How GFCI Outlets Work and Keep You Safe

November 10, 2020

Electrical standards in home construction have evolved significantly over the decades. Today, one of the ways homes must be built to meet electrical codes is to have GFCI outlets installed throughout the home, especially in areas like bathrooms or kitchens where there is a great potential for the outlet to be exposed to moisture.

To understand why every bathroom in Carlsbad, NM needs a GFCI outlet, it is important to have a thorough understanding of what GFCI outlets do. Here’s a quick overview of how these outlets work.

Protecting your home’s electrical systems

GFCI outlets are designed to protect people from electrical shock. The GFCI (which stands for ground fault circuit interrupter) is located in the outlet itself. Any time you plug in an appliance, the GFCI outlet will monitor the amount of power being sent to the device.

If the device you’re using accidentally falls into water (such as a hair dryer you’re using over a sink), the GFCI will detect the interruption in the current and cut off the power, likely saving you from electrocution.

You can easily determine if you have a GFCI outlet by checking to see if there are “test” and “reset” buttons located on the outlet, and usually a small light that indicates the outlet is currently providing power. The buttons might be the same color as the rest of the outlet, or they might be red and black.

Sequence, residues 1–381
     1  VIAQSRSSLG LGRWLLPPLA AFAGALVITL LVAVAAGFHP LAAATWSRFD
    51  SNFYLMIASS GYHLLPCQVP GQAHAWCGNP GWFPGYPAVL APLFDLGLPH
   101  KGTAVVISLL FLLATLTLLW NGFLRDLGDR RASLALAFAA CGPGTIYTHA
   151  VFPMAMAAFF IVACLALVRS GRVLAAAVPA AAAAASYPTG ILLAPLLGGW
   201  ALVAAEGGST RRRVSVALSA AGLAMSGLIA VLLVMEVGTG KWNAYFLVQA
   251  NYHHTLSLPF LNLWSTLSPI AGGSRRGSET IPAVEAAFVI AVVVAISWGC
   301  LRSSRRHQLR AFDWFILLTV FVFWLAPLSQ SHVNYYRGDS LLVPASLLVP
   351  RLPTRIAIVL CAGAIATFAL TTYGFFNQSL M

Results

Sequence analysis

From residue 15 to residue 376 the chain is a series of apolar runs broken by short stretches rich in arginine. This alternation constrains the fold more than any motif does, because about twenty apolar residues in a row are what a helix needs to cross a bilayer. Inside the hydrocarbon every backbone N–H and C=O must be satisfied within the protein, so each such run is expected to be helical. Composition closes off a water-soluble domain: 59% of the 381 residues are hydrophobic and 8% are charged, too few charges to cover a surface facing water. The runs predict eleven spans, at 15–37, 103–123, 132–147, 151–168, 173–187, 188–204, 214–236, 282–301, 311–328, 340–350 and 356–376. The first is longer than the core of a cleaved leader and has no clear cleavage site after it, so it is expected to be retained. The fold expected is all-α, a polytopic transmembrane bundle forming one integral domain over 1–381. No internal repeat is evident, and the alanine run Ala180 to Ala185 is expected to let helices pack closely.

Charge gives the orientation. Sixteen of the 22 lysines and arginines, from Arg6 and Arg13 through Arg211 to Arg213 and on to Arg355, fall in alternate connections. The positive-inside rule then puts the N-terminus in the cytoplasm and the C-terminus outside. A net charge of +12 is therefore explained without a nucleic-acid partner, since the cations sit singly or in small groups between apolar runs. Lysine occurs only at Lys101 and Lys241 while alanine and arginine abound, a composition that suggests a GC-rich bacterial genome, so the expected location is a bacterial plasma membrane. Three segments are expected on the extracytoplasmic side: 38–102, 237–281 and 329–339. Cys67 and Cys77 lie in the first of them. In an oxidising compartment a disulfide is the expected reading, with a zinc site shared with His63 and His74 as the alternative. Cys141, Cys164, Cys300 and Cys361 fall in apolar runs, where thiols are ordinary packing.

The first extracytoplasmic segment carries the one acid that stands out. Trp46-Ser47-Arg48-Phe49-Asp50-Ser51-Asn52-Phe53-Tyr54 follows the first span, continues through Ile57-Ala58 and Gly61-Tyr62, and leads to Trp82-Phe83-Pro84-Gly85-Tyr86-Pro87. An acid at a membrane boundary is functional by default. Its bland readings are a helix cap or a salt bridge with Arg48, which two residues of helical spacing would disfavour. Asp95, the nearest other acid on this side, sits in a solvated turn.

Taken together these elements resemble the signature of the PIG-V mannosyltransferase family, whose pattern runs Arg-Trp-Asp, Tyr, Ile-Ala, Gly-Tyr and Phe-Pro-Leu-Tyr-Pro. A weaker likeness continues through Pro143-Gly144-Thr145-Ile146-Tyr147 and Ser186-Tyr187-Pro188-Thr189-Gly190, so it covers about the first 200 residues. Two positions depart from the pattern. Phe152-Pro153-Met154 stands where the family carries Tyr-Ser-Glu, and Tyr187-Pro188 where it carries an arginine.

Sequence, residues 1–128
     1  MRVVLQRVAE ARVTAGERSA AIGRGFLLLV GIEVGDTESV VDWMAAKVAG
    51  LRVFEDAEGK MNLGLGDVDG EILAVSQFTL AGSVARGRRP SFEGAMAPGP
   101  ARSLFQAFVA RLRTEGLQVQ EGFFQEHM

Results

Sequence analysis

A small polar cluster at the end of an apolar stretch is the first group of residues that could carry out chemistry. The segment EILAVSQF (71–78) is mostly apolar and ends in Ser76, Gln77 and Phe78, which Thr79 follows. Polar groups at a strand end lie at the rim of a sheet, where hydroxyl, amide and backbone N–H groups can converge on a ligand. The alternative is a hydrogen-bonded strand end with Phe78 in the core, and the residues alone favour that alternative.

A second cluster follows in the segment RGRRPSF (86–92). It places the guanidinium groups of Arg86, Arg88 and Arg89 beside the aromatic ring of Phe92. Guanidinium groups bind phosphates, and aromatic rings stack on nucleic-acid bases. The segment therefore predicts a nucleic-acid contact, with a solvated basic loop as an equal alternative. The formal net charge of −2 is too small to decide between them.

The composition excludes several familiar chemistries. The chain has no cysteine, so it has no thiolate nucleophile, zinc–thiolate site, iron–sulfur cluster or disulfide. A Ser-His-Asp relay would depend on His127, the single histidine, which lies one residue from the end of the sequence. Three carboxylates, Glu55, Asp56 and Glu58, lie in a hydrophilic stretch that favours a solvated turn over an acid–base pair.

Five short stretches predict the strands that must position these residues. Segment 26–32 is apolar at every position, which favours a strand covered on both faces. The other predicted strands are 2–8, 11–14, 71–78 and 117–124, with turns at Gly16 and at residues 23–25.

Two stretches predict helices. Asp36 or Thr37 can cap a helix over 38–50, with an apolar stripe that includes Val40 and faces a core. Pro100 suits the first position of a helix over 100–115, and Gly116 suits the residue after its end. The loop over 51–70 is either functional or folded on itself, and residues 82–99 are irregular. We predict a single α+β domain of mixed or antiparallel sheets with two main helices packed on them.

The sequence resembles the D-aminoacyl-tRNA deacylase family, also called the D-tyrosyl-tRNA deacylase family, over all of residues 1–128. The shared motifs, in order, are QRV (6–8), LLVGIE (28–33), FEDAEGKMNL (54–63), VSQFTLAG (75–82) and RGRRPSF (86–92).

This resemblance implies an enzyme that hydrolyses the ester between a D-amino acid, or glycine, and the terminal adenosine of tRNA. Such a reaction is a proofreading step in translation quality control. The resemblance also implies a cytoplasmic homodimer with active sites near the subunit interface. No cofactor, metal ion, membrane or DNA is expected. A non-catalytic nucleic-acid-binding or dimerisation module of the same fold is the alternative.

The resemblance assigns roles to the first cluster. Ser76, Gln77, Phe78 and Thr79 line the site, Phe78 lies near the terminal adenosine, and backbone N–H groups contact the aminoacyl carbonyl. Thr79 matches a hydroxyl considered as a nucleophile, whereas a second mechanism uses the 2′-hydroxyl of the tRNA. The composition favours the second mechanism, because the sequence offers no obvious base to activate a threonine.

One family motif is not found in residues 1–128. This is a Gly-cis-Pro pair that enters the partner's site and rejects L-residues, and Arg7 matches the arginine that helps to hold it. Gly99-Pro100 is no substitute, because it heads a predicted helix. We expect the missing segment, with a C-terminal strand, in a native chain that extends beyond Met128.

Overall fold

A normal 120-volt outlet has two vertical slots and a round hole below them. The left slot, which is slightly larger than the right, is called “neutral” and the right is called “hot,” with the hole below being the “ground.” A properly working appliance will have all electricity flowing from hot to neutral. A GFCI tracks the amount of current going from hot to neutral, and flips the circuit if there is any imbalance. It does this fast enough that you will not be affected by any potential shock that occurs.

A ground fault occurs when hot wires touch any part of a grounded device, or the grounded part of a junction box. Moisture is one of the main causes of ground faults, and the consequences of such a ground fault can be severely dangerous, when you consider the fact that water conducts electricity.

You should make sure to test GFCI outlets in your house on a regular basis—about once a month or so—as they will eventually wear out. Press the reset button and plug in a device. The device should turn on. Then push the test button. If the GFCI is working properly, pressing the test button should cut the power and turn off the device, and pressing the reset button again after that should turn the device back on. Most GFCI outlets will last about a decade.

Interested in learning more about how GFCI outlets work and why every bathroom needs a GFCI outlet? We encourage you to contact our team of electricians in Carlsbad, NM at JB Electric LLC with any questions you have.

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